Tech Reviews

Nvidia GTX 780 Ti Review (Reference Design)

The GTX 780 Ti. It has finally come to this, the pinnacle of this generation’s Nvidia graphics cards. If you have a computer that can take advantage of the GTX 780 Ti’s graphical prowess, then you will be experiencing better visuals than anything “next-gen” can offer. It is simply an awesome time to be a PC gamer.
I’ve been working with Nvidia pretty closely for the past year and I’ve been privileged to bring you guys reviews of the latest GTX graphics cards. Starting with the GTX 660, we been looking at the way this generation of GPUs has impacted gaming. Everything from the 650 Ti to the 780 Ti all have something in common: efficiency. They bring tremendous performance gains while requiring minimal system resources. It wasn’t that long ago where something like a 500 series GPU would eat up a large chunk of your power supply, and running something like Crysis would cause your cooling fan to go nuts. Now you can have something like the 780 Ti which gives you performance even faster than the GTX Titan, while using up less power than a GTX 590.
What a wonderful time.
The GTX 780 Ti is in an interesting position. There already is a GTX 780 and the GTX Titan, yet Nvidia felt they needed to squeeze one more GPU right in there. I’m glad they did, since the 780 Ti offers a nice gain in performance not only over the 780, but over the original GK110 flagship, the GTX Titan, as well. In fact, when we start looking at what the 780 Ti offers, it becomes more and more obvious that the $1000 Titan now really doesn’t have a place amongst elite gaming cards (it still finds life as a compute card, however).
For $700, is the GTX 780 Ti worth the premium price tag? I mean, we’re talking something that considerably more pricey than any of the new consoles, and something that would only work as intended if you have all the other necessary (and expensive) components for building a gaming PC, but as any PC gaming aficionado will attest to, take one look at Crysis 3 being run at 2560×1440 or spanned across three monitors using Nvidia Surround, and the price suddenly becomes worth it.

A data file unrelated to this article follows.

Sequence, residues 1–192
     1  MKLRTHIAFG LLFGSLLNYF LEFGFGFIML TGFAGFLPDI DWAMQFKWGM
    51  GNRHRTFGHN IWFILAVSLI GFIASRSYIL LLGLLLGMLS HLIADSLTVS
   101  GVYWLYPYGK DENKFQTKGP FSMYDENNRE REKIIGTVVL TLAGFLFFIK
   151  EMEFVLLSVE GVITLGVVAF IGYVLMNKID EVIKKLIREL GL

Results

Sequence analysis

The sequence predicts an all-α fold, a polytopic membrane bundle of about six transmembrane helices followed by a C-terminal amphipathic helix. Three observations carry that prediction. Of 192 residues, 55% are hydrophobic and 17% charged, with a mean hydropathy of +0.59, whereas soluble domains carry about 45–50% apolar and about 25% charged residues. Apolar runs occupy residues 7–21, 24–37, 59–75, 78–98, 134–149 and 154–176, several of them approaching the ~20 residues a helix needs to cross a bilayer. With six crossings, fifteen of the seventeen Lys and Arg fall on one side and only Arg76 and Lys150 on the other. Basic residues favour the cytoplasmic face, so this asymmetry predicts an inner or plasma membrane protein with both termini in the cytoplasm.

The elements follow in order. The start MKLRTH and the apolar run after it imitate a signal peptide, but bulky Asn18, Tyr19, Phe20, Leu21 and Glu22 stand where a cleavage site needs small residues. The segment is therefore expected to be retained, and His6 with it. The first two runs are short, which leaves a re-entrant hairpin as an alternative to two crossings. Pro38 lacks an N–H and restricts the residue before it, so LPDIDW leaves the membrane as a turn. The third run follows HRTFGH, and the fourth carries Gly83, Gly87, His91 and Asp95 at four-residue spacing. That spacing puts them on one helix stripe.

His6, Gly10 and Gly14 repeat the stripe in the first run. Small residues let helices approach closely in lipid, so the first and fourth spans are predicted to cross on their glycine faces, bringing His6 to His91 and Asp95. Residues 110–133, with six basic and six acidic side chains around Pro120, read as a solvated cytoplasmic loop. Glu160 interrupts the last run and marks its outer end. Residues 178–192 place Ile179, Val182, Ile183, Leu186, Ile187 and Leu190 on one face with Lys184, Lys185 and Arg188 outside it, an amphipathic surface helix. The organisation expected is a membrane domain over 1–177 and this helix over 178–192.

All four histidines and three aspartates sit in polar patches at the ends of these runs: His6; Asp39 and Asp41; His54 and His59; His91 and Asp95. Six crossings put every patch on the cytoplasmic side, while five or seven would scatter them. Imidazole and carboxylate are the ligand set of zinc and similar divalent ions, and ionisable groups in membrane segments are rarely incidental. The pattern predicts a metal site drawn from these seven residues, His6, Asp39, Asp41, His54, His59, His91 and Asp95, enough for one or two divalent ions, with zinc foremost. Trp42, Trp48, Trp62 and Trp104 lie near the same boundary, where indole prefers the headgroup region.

Before we continue with this review, I want to mention something that I always mention with my GPU reviews. Throughout this review, you will see benchmark results and data taken from AnandTech’s GTX 780 Ti review. Just like before, my “test bed” is simply my daily use PC, so I am not able to do the type of extensive testing and comparisons between a number of different GPUs. That and also the fact that I simply do not have 20 GPUs sitting around to swap out.
You’ll notice that there are a lot of comparisons between the GTX 780 Ti and the Radeon 290X/GTX Titan/GTX 780. I won’t be making any comparisons here since again, I do not have a 290X or Titan in my possession; however, I will provide some data from AnandTech’s review. Just because I am personally unable to conduct these comparisons does not mean that I want to pretend that they don’t exist, so rather than short you wonderful readers on hard data, I feel it’s better to use another site’s data. And since I trust AnandTech’s reviews implicitly, what better place to borrow from?
What I can do is provide some info for those of you who aren’t the best of the best when it comes PC tech. There are those of you out there that have enough know how to handle your own if you ever need to take your PC apart, but wouldn’t consider yourself experts. Maybe you just want to upgrade a part or two without getting too deep into the nitty gritty tech-speak. That’s what I’m here for, because I am in the same boat as you. I can handle my own around a computer; after all, I built my current one, but I am by no means an expert like the guys at Maximum PC or Tom’s Hardware. I’m just a guy who likes to game on my PC and wants the best possible performance for my dough.
This is my daily driver PC:
– Intel Core i7 920 @2.67 GHz (overclocked to 3.21 GHz)
– Asus Rampage III Gene Motherboard
– Dell 875W Power Supply
– 18 GB Corasir XMS3 DDR3 RAM
– GTX 780 Ti
– GTX 760 (for additional monitors and dedicated to PhysX)
– Windows 8